The Sermon on the Mount can be so familiar to us that we can easily read what Jesus said in a quick manner and really miss the teeth of what he said. What Jesus said can almost be mentally cast aside because we have heard it so often. This is certainly the temptation for Matthew 7:7-12. It is easy to read Matthew 7:7-8 and spend our whole time talking about how we need to ask, seek, and knock. But there is so much more that Jesus wants to show us. Jesus wants to teach us about the disposition of God. You will notice that Jesus does not merely say you need to ask God, you need to seek God, and you need to knock. I want us to notice that Jesus is trying to give us some confidence for why we should have a vibrant prayer life. Ask, and it will be given to you. Seek, and you will find. Knock, and it will be opened to you. Everyone who asks receives. Everyone who seeks finds. Everyone who knocks it will be opened (7:7-8). Jesus is trying to give us the strength and encouragement to talk to God and to ask God for things in your life. So let’s hold this call to ask God in our minds and we will return to it in a moment. But I want us to see the motivations that God is giving to us.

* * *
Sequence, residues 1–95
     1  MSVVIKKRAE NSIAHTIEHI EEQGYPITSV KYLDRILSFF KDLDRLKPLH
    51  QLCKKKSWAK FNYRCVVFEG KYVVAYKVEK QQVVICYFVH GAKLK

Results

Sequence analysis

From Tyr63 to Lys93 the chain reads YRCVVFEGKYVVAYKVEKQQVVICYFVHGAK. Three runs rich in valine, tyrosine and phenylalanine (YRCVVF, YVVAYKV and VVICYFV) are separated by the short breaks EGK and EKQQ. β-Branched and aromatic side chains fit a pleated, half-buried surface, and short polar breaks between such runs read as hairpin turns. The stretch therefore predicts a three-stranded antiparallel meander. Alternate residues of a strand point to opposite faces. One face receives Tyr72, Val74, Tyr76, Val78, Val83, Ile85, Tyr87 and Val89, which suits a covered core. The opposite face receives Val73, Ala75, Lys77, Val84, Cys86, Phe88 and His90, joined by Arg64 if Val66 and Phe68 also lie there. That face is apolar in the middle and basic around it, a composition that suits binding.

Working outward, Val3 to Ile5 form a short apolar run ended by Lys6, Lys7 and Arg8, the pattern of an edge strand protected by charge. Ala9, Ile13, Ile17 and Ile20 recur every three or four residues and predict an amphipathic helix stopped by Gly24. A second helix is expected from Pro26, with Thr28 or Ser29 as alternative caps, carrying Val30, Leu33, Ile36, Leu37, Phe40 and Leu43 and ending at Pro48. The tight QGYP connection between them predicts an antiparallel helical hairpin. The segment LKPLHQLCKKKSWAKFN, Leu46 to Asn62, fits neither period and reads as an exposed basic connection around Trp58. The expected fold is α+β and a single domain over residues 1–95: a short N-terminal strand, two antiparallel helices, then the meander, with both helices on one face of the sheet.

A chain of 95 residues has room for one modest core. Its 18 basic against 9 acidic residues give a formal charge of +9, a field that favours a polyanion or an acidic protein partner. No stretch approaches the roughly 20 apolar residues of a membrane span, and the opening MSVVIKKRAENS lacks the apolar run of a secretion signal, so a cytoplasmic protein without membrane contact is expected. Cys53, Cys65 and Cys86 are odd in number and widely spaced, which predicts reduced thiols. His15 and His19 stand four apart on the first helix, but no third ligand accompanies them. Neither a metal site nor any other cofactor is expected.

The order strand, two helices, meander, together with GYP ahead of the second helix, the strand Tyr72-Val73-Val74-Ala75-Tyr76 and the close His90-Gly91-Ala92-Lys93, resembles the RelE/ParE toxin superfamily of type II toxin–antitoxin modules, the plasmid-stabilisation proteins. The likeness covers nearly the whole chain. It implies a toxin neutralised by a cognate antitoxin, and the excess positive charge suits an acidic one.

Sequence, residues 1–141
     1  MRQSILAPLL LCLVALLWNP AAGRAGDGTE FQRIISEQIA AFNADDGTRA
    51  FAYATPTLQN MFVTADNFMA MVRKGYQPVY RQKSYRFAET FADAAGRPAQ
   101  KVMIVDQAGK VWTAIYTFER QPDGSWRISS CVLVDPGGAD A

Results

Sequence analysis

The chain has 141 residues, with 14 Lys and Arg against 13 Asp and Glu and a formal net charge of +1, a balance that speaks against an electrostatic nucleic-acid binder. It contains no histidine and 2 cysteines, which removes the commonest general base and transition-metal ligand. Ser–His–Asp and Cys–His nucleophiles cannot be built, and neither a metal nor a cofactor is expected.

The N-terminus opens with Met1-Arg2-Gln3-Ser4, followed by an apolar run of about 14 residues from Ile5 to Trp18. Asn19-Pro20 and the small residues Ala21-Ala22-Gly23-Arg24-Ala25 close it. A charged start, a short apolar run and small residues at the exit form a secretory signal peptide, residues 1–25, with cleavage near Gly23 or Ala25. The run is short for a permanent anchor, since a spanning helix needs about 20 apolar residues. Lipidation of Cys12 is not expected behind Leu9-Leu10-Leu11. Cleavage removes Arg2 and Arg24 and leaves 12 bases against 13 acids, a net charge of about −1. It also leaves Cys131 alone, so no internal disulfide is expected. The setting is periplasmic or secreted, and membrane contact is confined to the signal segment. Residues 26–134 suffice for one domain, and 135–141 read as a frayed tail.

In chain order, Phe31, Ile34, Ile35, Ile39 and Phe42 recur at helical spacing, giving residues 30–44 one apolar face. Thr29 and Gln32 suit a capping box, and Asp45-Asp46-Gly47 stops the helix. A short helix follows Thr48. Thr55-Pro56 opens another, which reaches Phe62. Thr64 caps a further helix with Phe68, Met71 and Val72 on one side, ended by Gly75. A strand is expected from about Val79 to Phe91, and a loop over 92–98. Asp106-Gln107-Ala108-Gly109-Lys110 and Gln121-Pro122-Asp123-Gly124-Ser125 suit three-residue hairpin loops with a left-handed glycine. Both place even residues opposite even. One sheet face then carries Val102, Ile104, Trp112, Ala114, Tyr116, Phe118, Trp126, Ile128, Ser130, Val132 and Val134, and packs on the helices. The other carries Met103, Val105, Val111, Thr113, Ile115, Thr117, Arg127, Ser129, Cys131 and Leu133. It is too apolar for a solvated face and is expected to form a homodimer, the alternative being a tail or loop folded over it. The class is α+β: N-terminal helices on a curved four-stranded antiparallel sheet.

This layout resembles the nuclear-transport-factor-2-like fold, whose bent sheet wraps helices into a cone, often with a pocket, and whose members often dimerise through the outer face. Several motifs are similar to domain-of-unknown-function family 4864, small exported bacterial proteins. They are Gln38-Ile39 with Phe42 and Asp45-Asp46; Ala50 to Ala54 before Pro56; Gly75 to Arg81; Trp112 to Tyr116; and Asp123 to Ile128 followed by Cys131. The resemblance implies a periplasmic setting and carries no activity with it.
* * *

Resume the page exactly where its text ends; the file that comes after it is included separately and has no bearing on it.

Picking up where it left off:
The Disposition of God (7:9-11)
Jesus asks an important question regarding how we as parents approach our children. If your child asked for bread, would you give it to him? If they asked for bread, would you give them something useless like a stone? No, Jesus is painting a picture that God will give us what we need if we ask. God is not going to give us something useless. God is going to give to us what is useful for our lives. This is the first picture of God. God is not in the business of giving out useless things. If there is something you need and ask God for it, God is not going to give you useless things in return. Have you ever opened a present like this where you did not know what it was or what you were going to do with it? God does not do that. God does not give you something that you have no use for.
The second rhetorical question is in verse 10. If your child asks for a fish, are you going to give him a snake? Jesus gives another picture of God. God not only does not give us useless things, but he does not give us harmful things. This makes sense to us. Parents do not intentionally give their children harmful things. I am not going to give you something that I think you are going to kill yourself using.